Do you have the internal expertise to create and manage your LLM?
It is possible to train your model yourself or reach out to a company that specializes in ML services to help you do so. If you have in-house expertise, there are thousands of pre-trained models to choose from, and HuggingFace Model Hub, TensorFlow, and PyTorch are the go-to locations to acquire a pre-trained model. With thousands to choose from, it is recommended to try out multiple models based on your computing needs, required accuracy, and input data format when selecting one.
Drawbacks of customizing LLM integration
Resource Intensiveness: The development and training of LLMs require a substantial investment of time and resources. This can pose a challenge for organizations with limited processing capabilities or tight timelines, impacting their ability to deploy tailored LLMs promptly.
Domain Limitation: Tailored LLMs are less versatile outside their trained domain, which means they may not perform as effectively when faced with tasks beyond their specific focus. This limitation is evident in industries where a broad range of subject matter is being utilized, such as in legal services and healthcare. Here is a fascinating article about legal LLMs potential to generate false information, or "hallucinate".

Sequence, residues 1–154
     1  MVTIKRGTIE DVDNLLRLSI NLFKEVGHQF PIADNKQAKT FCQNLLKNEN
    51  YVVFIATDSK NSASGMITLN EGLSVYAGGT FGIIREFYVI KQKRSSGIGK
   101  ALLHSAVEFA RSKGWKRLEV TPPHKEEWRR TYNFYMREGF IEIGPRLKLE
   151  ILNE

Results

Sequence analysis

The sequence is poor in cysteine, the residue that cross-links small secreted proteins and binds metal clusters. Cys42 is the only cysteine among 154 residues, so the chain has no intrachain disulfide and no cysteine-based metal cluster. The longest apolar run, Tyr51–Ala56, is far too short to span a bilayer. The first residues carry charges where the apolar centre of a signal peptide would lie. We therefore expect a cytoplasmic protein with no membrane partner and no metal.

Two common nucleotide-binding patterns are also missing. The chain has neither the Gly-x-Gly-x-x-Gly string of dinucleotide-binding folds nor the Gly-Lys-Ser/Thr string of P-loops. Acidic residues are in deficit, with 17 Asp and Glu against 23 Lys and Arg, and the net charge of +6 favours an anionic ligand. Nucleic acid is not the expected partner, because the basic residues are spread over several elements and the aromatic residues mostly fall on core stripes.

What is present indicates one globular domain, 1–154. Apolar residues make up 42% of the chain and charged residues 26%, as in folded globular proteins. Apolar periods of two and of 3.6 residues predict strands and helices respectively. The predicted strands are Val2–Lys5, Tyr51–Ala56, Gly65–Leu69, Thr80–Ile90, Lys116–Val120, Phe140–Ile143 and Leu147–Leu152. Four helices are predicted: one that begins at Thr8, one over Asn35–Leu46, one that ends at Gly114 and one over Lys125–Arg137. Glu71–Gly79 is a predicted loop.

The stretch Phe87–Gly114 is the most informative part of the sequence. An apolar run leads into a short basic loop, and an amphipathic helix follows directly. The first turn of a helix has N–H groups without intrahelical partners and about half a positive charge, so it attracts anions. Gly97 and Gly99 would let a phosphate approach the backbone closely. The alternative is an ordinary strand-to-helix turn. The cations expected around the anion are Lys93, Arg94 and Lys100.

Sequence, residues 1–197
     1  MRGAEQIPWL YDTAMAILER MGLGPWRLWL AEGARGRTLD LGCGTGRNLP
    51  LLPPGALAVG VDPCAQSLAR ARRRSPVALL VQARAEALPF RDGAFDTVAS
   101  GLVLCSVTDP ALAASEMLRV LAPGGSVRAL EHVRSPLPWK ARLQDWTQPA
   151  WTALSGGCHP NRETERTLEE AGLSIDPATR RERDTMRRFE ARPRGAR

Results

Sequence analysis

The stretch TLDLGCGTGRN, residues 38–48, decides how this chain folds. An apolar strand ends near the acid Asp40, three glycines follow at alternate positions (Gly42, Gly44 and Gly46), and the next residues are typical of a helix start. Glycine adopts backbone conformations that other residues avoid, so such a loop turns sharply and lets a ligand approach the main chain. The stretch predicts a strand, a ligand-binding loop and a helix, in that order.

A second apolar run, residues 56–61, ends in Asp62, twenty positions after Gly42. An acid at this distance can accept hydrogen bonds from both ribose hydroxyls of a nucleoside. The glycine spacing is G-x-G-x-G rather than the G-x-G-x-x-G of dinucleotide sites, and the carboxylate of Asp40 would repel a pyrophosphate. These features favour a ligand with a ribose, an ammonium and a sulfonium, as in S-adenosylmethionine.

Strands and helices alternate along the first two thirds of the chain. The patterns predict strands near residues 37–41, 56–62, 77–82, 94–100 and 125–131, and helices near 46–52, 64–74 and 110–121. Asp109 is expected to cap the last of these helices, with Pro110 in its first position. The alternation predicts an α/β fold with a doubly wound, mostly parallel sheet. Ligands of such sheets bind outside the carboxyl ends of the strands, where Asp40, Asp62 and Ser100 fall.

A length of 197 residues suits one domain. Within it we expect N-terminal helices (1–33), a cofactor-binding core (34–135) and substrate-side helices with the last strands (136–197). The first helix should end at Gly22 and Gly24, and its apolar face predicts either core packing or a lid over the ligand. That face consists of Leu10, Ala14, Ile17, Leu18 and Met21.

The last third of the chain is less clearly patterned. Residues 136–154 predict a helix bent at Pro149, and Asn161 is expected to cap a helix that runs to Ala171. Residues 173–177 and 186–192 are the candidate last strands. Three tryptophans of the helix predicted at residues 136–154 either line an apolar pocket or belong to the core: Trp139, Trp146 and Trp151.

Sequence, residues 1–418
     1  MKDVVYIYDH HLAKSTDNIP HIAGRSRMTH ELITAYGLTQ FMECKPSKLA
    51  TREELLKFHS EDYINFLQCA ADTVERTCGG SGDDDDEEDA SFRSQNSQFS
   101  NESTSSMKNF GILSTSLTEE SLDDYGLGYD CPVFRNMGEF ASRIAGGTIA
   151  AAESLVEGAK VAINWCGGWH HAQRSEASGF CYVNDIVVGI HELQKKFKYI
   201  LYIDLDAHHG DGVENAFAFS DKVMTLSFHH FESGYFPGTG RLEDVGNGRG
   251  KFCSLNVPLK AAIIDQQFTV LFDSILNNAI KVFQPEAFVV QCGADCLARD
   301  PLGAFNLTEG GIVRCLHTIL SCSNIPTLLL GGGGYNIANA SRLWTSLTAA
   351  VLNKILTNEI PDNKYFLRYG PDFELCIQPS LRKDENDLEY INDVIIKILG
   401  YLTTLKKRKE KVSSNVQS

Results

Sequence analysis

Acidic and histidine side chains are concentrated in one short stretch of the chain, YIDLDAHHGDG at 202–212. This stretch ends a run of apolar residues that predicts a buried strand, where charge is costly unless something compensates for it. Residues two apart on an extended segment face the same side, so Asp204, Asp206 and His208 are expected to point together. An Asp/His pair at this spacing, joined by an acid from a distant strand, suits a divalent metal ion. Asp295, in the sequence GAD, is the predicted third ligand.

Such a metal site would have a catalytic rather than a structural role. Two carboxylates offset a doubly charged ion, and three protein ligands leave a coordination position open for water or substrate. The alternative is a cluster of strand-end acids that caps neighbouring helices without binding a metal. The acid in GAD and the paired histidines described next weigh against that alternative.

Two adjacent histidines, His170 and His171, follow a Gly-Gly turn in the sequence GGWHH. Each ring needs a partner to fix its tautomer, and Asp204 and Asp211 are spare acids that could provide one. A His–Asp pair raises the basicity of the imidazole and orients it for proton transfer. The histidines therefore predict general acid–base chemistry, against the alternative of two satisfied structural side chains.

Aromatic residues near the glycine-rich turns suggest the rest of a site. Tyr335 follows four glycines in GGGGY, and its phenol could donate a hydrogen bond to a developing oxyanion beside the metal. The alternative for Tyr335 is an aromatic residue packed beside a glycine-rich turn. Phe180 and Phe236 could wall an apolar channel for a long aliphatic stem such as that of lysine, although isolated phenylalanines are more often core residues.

Ethical Considerations: LLMs can potentially absorb biases from their training data, leading to negative ethical implications. Organizations must carefully address this issue to avoid unintended repercussions, especially in sectors where unbiased decision-making is critical, including finance and healthcare. This article provides a deep-dive of ethical considerations in healthcare, including the potential of LLMs to continue hidden biases based on race, gender, and income that could lead to unequal patient outcomes.
Training Data Risks: Incomplete or inaccurate training data for tailored LLMs can pose significant risks for organizations, potentially leading to false market trend predictions or security issues. Also, the server location of the LLM and security around who has access to the training data needs to be monitored. Though all industries deal with matters of security, retail, healthcare, and cybersecurity are industries where data accuracy and security are paramount.
If you're interested in learning more, schedule a call with us and we would love to talk with you about the potential of LLMs within your organization.